I was in the middle of a deliciously hot shower not long ago, singing lustily to some bygone '80s hit (probably by The GAP Band), when my mother-in-law came into the bathroom and thrust her cell phone behind the curtain.
She dropped a bomb on me, baby.
"You MUST take this phone call!" she announced.
"Uh, I'm kinda wet, soapy and naked at the moment," I replied. "This can't wait five minutes for me to dry off?"
"NO!" Mother-in-Law declared. "You have to take it RIGHT NOW!"
I understood the reason for her urgency moments after I took the receiver. My wife, Karen, was on the other end. The transplant office at Barnes-Jewish Hospital in St. Louis, where my kidney case is located, called her when they couldn't find me. And how could they? I was singing in the shower!
The hospital had located a replacement kidney for me.
My eyes began stinging, and not because soap was dripping into them. Apparently, a gentleman from Detroit whom I had never met (and whose name won't be repeated here out of respect to his family), upon learning of his terminal illness, designated in his will that I was to receive one of his kidneys.
I've wracked my brain ever since trying to recall any part of my past where his name might be familiar, but come up empty. I can only assume he may have read my medical confessional in HOUR Detroit magazine a year or so ago, or somehow became aware of this blog. However it happened, the thought that a complete stranger personally chose me to receive a life-giving organ upon his death is beyond humbling. It's overwhelming. Praise God.
Since Karen was still in her office, she set up a three-way conference call between her, the transplant coordinator and me. The coordinator explained that the kidney being donated to me fell under what they call the "extended criteria" category. It was a match, but the donor was eight years older, suffered from hypertension (high blood pressure) and had a history of smoking in his past.
"Geez," I thought, "this sounds like my own kidneys, only with more mileage."
If I wanted the kidney, they would start to make arrangements for the transplant operation straightaway. If I decided not to take it, there would be no harm, no foul for me because of the condition of the organ; I would simply be placed back on the transplant waiting list. Whatever I decided, I had to give my answer immediately, if not sooner. The kidney was being harvested, and if I didn't want it, someone else could benefit from the transplant.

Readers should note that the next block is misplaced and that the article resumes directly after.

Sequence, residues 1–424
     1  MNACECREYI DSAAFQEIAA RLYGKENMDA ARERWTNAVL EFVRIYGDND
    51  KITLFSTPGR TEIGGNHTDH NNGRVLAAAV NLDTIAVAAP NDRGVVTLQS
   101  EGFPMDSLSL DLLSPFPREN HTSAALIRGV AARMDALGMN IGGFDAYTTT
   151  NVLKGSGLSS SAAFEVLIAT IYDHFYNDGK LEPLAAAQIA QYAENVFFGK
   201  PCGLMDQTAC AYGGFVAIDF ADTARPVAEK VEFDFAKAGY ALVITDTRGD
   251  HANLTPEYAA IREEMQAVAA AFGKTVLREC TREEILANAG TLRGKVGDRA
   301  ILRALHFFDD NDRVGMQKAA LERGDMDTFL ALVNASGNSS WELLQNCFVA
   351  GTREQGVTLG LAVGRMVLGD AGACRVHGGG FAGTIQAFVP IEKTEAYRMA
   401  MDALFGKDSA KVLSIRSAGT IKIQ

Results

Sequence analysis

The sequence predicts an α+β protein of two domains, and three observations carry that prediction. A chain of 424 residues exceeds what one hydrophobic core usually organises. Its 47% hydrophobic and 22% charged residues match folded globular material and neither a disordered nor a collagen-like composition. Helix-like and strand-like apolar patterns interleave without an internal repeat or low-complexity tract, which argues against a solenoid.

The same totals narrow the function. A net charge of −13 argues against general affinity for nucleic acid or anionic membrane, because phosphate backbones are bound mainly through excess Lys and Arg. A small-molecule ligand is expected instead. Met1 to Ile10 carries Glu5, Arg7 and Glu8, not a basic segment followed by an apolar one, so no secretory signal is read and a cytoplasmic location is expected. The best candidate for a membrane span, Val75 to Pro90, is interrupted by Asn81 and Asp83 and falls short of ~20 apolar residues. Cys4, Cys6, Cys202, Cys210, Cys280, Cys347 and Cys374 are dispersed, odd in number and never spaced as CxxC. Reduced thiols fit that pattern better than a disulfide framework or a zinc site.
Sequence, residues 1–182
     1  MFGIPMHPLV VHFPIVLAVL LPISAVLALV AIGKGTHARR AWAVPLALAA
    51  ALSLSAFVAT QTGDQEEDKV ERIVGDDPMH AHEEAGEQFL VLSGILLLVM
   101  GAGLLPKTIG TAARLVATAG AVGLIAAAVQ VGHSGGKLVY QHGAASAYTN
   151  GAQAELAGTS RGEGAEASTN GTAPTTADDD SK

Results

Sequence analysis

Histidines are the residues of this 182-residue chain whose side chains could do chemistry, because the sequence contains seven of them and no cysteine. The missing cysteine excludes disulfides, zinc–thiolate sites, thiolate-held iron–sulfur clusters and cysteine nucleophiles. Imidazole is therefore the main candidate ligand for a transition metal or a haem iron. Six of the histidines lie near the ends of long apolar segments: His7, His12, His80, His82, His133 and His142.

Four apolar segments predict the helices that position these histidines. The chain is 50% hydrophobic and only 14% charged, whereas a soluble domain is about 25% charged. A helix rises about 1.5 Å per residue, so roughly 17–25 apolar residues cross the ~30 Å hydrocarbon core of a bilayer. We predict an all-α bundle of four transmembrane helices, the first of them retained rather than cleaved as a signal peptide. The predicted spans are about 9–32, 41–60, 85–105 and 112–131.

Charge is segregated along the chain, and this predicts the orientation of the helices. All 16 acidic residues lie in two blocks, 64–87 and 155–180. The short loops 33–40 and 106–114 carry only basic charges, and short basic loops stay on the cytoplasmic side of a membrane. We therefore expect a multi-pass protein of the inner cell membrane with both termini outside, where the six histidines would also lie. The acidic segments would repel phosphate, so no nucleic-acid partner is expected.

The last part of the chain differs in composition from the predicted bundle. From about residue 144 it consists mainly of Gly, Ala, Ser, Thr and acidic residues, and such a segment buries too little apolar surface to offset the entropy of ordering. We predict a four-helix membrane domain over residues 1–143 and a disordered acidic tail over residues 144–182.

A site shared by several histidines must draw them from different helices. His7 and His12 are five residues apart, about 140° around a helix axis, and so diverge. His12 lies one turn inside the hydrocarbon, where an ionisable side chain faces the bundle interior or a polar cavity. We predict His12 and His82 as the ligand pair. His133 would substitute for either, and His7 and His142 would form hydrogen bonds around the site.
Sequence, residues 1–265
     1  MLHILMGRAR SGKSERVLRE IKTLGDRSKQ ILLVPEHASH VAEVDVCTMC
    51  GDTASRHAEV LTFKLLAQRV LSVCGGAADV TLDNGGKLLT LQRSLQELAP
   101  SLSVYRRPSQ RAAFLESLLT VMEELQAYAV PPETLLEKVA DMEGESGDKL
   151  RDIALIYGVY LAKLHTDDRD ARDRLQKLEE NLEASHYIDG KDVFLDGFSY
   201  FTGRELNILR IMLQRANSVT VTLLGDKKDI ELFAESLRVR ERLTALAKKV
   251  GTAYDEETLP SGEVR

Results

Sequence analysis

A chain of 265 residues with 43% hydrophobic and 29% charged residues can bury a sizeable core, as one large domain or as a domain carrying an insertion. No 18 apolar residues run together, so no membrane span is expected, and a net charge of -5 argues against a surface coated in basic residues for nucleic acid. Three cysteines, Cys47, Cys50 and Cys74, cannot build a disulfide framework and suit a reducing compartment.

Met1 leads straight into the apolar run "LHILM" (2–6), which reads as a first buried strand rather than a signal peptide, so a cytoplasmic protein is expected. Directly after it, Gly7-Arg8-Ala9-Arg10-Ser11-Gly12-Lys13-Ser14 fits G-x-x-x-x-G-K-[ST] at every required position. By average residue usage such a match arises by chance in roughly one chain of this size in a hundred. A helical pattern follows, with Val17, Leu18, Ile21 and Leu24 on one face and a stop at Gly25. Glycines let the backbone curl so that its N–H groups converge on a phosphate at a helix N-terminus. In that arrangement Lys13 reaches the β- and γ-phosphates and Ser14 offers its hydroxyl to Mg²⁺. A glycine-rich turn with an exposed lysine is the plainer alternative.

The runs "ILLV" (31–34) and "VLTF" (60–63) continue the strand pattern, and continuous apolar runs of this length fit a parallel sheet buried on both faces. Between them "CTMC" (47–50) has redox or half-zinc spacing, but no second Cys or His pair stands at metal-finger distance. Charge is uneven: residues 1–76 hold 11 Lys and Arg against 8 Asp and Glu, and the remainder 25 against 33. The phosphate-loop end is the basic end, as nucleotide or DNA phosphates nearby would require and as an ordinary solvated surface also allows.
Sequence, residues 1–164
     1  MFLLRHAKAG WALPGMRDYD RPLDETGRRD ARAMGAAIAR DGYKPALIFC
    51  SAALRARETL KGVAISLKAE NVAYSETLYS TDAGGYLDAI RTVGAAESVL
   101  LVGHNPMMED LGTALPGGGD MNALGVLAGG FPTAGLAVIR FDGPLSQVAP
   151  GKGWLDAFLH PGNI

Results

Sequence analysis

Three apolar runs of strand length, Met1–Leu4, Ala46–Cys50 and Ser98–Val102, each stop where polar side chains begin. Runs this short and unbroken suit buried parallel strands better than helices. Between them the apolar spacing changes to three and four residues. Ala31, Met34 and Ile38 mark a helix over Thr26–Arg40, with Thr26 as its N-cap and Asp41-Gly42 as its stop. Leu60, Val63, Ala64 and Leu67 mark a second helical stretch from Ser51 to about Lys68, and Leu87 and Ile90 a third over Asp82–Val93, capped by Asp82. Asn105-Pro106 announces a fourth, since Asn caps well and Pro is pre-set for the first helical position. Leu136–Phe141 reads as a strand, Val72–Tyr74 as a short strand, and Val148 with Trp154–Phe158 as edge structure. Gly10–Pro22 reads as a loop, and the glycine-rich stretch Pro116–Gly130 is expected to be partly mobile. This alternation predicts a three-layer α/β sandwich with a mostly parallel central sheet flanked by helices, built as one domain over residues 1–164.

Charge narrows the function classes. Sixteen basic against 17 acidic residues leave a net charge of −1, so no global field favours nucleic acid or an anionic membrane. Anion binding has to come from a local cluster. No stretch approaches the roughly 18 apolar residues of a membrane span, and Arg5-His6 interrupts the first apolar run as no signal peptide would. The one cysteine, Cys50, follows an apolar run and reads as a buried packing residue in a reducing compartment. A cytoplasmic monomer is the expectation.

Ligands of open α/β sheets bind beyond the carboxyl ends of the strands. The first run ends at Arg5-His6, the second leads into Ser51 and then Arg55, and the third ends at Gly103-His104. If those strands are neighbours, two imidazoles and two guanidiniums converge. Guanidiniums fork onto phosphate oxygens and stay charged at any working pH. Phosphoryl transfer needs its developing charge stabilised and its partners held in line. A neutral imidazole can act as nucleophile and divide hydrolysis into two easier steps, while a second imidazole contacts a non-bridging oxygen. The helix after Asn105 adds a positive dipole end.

I asked the coordinator if we could have a little time to make our decision, and she agreed. (And it is our decision, by the way; the entire family lives with kidney disease, suffers through a transplant operation and assists in the recovery. Everybody gets a vote in this election.) Take as long as you like, she said. You can have a couple of hours.
I thought I had agonized over other major decisions in my life, but they were easy-peasy-lemon-squeezy compared to this. I tried to contact my kidney specialist, Dr. Attia, for a second opinion but couldn't reach him. Karen and I talked intensely, and my mother-in-law had a few more words of wisdom for me once I was out of the shower.
We prayed. We discussed. We debated. Then we prayed and discussed and debated some more. Ultimately, the verdict would be mine.
Two dizzying hours later, I had made up my mind. My decision might have been different if I was in worse condition, or if I wasn't coping so well on Peritoneal Dialysis. But somebody else might need that kidney more desperately right now, and I could afford to wait for a younger, healthier, more ideal organ to come along.
I called the transplant coordinator back and politely said thanks, but no thanks.
It was a gut-wrenching call to make. I felt as if I was slapping a dead man in the face, spitting on his final wishes. Think about his family, Karen offered. They've probably gone through so much already with his illness and death, and rejecting his kidney is almost like you're rejecting him, and the rest of them as well.
Thanks, honey. That helps a lot.
For what it was worth, at my next scheduled appointment with Dr. Attia we discussed my decision at great length. He agreed with my thought process. If some surgeon is going to cut you open and stick a foreign object inside you, he said, do it once, do it right, and do it with the best organ you can find.
Which doesn't mean I don't think about that man I never met and his amazingly selfless offer every day. Did I insult his memory? Did I make the right choice? Who can say for sure?
And what if that perfect kidney never comes along?